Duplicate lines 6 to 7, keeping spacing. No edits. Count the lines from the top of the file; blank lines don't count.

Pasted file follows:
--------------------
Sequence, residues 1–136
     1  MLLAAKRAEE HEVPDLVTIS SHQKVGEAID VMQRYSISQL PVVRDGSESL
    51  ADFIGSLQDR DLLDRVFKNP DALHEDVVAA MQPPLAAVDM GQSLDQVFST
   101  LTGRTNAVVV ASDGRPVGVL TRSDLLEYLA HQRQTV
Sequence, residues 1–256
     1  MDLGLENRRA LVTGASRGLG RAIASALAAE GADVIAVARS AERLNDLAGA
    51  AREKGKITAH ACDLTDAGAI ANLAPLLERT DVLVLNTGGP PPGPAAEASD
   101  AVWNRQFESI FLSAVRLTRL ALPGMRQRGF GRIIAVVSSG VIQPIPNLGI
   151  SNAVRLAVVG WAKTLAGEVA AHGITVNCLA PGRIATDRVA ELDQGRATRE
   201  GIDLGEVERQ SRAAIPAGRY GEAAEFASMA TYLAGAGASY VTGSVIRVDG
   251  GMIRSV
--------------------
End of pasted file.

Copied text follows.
     1  MDLGLENRRA LVTGASRGLG RAIASALAAE GADVIAVARS AERLNDLAGA
    51  AREKGKITAH ACDLTDAGAI ANLAPLLERT DVLVLNTGGP PPGPAAEASD